Security Consultant, Application Security
Raina Chen is a security consultant for Optiv’s application security team. In this role she deliveries a variety of service offerings including web application assessments and web service assessments.
Observations on Smoke Tests – Part 1
After performing more than 100 application smoke tests over the last year with a variety of commercial scanning tools, I thought I’d share some of my interesting observations.
Smoke testing in the traditional definition is most often used to assess the functionality of key software features to determine if they work or perform as intended. In the context of application security, smoke testing is leveraged in a slightly different way, to quickly evaluate the security of web applications. More specifically, Optiv performs smoke tests to reveal common security issues within applications and their respective environments. To do that, we first scan the application and its environment, then manually validate any issues identified by the scanner.
Compared to the more comprehensive dynamic application assessments, smoke testing takes less manual effort, less time and identifies common vulnerabilities that are widely known. That’s why we provide smoke testing as a service for clients who have limited budget, time, resources, or simply need to set up a security baseline for their web applications.
Key Observations from Testing Results
Smoke testing is good for quick security validation of your web applications, but we caution our clients to keep in mind that automated scanning tools often miss many security issues that can be found only through manual testing. One example is the issue of improper authorization between accounts with different privilege access levels. In a case like this, the scanner will usually not identify this issue because multi-level account authorization rules are very difficult if not impossible to define in-tool. By design, smoke testing provides reduced test coverage in exchange for scan speed.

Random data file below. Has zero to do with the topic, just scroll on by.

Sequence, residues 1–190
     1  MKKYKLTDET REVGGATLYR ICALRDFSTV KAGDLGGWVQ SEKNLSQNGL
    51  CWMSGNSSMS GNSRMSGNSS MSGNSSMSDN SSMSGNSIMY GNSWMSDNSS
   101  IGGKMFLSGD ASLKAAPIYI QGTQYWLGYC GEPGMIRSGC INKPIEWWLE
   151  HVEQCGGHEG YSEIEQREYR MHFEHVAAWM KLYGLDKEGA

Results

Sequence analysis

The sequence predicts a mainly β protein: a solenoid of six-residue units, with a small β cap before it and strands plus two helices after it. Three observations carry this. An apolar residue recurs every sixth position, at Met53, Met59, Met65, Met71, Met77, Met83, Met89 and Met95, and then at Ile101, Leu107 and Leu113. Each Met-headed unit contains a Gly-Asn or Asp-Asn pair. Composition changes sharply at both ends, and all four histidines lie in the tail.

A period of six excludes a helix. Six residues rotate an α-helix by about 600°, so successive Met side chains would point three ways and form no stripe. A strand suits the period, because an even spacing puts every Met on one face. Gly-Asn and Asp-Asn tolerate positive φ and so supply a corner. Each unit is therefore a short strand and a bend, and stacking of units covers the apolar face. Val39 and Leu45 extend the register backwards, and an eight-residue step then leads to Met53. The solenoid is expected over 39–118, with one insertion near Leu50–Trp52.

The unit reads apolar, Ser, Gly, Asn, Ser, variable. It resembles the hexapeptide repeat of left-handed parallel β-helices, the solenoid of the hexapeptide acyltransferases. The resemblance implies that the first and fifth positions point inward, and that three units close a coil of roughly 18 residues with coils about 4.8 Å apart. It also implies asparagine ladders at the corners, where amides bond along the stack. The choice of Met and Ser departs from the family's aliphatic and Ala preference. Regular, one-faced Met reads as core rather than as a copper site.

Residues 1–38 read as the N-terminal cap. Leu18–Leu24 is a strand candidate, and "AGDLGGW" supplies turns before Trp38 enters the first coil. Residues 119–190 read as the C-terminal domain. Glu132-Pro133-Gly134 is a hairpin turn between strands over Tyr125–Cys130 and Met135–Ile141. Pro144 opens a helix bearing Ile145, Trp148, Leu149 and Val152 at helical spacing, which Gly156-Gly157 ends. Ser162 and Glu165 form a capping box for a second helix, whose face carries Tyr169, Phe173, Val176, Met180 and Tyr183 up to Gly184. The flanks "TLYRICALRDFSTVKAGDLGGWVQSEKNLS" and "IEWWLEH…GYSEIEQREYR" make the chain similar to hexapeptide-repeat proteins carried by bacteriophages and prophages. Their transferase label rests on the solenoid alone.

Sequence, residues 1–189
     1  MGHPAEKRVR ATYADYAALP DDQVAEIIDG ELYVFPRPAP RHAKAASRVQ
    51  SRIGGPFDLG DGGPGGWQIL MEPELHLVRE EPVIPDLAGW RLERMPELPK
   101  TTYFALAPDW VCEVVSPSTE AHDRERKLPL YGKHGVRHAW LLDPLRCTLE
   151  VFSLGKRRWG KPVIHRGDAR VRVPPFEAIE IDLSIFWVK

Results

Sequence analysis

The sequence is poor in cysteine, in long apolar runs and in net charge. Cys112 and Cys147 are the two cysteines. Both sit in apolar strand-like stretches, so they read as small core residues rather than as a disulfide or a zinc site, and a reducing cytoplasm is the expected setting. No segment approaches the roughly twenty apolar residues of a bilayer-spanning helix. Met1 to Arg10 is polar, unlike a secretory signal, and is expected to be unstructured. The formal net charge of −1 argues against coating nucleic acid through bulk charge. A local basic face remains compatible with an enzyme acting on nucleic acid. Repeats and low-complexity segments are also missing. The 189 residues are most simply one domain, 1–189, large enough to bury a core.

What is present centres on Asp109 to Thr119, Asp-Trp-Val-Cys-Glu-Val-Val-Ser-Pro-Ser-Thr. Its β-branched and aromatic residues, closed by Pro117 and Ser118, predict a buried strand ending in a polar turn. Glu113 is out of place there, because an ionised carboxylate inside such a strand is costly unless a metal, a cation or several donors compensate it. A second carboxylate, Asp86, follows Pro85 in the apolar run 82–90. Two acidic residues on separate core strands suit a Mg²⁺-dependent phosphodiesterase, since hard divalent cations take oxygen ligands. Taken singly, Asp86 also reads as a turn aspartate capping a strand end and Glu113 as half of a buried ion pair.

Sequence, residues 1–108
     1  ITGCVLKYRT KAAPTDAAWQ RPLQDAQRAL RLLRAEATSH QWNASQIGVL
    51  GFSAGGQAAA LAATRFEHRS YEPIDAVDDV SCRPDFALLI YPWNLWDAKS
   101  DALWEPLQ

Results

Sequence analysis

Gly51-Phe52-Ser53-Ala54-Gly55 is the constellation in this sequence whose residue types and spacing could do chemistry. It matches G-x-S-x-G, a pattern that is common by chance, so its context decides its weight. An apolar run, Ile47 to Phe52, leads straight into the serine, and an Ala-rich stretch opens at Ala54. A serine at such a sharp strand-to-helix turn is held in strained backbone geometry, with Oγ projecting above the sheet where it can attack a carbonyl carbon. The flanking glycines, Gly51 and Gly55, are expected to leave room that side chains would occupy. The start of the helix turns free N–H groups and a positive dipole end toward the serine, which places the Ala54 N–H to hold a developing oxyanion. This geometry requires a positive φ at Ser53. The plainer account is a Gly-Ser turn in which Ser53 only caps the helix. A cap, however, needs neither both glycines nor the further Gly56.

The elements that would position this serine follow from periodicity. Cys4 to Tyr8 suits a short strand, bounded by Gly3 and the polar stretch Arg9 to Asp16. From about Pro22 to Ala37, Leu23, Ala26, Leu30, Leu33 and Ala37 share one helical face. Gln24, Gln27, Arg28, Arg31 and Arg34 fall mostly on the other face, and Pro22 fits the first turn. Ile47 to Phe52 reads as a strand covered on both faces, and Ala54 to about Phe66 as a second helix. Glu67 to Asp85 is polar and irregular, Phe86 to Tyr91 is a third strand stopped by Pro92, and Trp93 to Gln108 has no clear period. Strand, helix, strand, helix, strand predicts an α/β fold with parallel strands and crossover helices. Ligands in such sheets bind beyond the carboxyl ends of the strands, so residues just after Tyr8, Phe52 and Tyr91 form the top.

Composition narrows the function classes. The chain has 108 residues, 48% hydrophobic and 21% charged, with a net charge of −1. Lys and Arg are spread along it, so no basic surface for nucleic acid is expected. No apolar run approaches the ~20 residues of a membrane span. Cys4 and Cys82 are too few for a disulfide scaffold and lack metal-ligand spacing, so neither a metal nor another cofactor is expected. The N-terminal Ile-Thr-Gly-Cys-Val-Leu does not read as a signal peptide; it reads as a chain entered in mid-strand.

Additionally, many clients will scope smoke tests to include one application with two user roles… privileged and non-privileged. However, in cases where the application shares the same code base as one or more applications, the scope may result in under-reported impact. Say for example that a privileged user has access to two similar applications, Web App A and Web App B, and a non-privileged user has access to only Web App A. If we find that the non-privileged user can access resources reserved to privileged users in Web App A, chances are that Web App B is also affected. Smoke testing a single application will usually fail to detect this issue.
Another general observation is that scanners tend to report many false positives, which need to be identified and ignored so they don’t take unnecessary attention away from the legitimate vulnerabilities. And like all software tools, scanners do what they’re configured to do, so the configuration options you choose will affect the results. Our extensive product experience provides us that deep product knowledge needed to assist clients with tool configuration that in turn helps them maximize their tool investment.
For example, leveraging a scan policy at the group level for a number of applications, verses something more granular, is less prone to human error. Usually it’s not necessary to change the policy on every scan. However, we might suggest changing the scan policy in certain situations. If the client doesn’t want us to attack the database, for example, I’d remove SQLi tests from the scan policy.
In several situations, I was able to customize the policy, (e.g. specify server/database/language information) in advance, which resulted in a decrease of scanning time by a range of 10-50 percent. And the results were more accurate. In one instance, the default policy resulted in a “Windows internal path disclosed” issue for a Linux server. The issue wouldn’t have been reported if I had specified the server type. In another case, I scanned the same application with and without the policy of “Page content varies based on user-agent” selected. A number of issues were reported only when this policy was enabled. As a result, I was eventually able to find a mobile login page using a custom user-agent value; the mobile login page was found to have a severe authentication vulnerability.
Based on my observations, smoke testing is not meant to be a substitute for comprehensive security assessments, and careful configuration of scanner policies is critical. In the next blog article, I’ll talk about the pros and cons of using cloud-based vs. desktop-based scanners.